1 is notable for its very short central C-C bond, computed at B1B95/6-31G(d) to be only 1.30 Å. Also notable is that 1 can rearrange to the carbene 2 with a release of considerable energy (ΔE=-105.4 kcal mol-1). Nonetheless, the barrier for this rearrangement is 6.7 kcal mol-1 suggesting that 1 might be stable and isolable at low temperatures. (See this previous post for more discussion on this rearrangement, including interactive molecules.)
Kozuch has now examined this rearrangement in more detail, to see if 1 is really stable.1 The issue he raises is the role of quantum mechanical tunneling – since the distance that the carbon atoms need to move in reaching the TS is rather small, perhaps heavy atom tunneling might manifest. In the absence of tunneling, conventional variation transition state theory (CVT) predicts that the half-life of 1 is 170 s at 75 K, and longer still at even lower temperatures. However, the situation is radically different when tunneling is included. Accounting for tunneling using the small curvature tunneling (SCT) approximation predicts a half-life of 1.6 x 10-3 s at 75 K and only a minimally longer half-life of 4.6 x 10-3s at 10 K. Thus, Kozuch concludes that 1 is not stable at any temperature! One should thus be cautious in applying the term “stable” to a compound that might be quite strained and susceptible to tunneling.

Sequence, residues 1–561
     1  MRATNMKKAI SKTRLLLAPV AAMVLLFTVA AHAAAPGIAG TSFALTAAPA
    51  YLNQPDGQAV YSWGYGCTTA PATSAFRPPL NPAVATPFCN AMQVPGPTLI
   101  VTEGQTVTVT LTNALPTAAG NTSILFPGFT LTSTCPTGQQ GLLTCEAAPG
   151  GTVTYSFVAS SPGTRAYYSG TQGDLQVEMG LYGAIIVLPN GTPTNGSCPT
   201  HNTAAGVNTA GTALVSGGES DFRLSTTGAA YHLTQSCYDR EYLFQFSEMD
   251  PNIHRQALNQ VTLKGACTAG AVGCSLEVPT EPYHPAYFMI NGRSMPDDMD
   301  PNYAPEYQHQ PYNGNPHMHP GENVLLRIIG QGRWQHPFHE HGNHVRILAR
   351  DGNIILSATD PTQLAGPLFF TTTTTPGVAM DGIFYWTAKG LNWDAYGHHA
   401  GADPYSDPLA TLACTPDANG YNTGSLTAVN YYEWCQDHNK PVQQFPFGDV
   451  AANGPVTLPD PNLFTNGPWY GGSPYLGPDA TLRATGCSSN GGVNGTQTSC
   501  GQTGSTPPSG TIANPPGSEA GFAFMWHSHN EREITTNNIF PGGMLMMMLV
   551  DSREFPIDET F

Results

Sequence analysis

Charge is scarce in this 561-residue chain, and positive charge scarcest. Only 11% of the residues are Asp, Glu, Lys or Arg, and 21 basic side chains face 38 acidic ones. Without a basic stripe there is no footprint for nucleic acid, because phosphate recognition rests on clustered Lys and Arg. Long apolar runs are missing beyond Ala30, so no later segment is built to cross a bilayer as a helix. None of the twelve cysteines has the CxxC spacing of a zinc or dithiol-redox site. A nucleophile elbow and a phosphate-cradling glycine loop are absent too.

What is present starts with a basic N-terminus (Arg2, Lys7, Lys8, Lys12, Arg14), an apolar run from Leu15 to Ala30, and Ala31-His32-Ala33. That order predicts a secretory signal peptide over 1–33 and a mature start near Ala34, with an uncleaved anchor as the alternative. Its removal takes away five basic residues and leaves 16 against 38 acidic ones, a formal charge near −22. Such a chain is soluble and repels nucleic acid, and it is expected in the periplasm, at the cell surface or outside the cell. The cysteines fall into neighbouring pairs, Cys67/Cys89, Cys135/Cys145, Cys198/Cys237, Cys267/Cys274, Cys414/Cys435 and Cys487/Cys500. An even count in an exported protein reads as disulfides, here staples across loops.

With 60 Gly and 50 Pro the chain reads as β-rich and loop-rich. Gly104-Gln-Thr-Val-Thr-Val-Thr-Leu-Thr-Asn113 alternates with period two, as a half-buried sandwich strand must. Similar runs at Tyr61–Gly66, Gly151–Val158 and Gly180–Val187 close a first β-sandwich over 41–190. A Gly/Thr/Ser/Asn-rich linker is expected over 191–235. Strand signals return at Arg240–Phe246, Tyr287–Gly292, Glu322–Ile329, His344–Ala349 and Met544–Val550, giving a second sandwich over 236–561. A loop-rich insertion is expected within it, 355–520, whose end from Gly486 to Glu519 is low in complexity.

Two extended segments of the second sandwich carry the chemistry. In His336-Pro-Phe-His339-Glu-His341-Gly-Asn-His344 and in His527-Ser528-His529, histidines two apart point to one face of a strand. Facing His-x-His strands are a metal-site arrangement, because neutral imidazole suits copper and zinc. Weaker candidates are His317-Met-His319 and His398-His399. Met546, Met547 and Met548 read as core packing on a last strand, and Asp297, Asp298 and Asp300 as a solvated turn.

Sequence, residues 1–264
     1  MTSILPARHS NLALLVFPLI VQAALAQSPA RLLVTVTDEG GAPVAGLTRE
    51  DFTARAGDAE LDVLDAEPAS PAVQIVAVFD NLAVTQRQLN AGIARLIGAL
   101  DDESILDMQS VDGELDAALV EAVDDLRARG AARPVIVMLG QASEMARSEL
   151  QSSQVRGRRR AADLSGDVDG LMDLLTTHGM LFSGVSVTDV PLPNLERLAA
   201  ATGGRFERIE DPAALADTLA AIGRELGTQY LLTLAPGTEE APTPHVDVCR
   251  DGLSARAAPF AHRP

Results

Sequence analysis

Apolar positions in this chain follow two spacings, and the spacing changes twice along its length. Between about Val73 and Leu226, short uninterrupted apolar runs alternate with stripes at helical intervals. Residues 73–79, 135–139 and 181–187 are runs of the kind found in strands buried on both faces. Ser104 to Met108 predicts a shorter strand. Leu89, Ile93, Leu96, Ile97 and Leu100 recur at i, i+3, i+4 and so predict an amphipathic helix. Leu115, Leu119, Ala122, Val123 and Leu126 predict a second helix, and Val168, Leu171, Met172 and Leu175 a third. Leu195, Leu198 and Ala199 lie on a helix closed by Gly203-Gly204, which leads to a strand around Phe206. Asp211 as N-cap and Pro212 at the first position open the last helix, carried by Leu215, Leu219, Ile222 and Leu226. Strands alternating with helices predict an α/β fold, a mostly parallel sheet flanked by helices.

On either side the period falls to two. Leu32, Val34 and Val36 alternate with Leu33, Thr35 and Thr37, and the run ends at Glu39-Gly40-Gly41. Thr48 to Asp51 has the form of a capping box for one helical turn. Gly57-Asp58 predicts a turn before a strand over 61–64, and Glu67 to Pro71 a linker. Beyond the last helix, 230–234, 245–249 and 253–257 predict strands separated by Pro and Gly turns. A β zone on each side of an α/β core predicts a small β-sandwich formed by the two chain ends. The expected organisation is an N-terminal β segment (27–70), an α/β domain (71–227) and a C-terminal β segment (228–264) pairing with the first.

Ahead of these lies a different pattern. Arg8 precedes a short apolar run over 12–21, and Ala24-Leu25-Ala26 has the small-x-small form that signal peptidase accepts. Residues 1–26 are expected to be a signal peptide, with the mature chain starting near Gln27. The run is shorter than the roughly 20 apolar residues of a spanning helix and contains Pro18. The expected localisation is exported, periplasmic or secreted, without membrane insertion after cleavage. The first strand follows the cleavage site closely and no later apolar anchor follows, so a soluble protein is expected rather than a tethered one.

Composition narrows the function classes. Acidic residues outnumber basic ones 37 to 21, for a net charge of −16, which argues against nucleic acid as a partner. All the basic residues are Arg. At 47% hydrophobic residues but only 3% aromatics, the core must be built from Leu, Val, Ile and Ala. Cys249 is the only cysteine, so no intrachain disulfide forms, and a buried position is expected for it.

(As an aside, Kozuch also notes that 2 can rearrange into 3 and this rearrangement also has a very short half-life on the order of milliseconds at cryogenic temperatures. The structure of 3 is shown in Figure 1.)
Figure 1. B1B95/6-31G(d) optimized structure of 3.
1) Kozuch, S. “A Quantum Mechanical “Jack in the Box”: Rapid Rearrangement of a Tetrahedryl-Tetrahedrane via Heavy Atom Tunneling,” Org. Lett., 2014, 16, 4102-4105, DOI: 10.1021/ol5017977.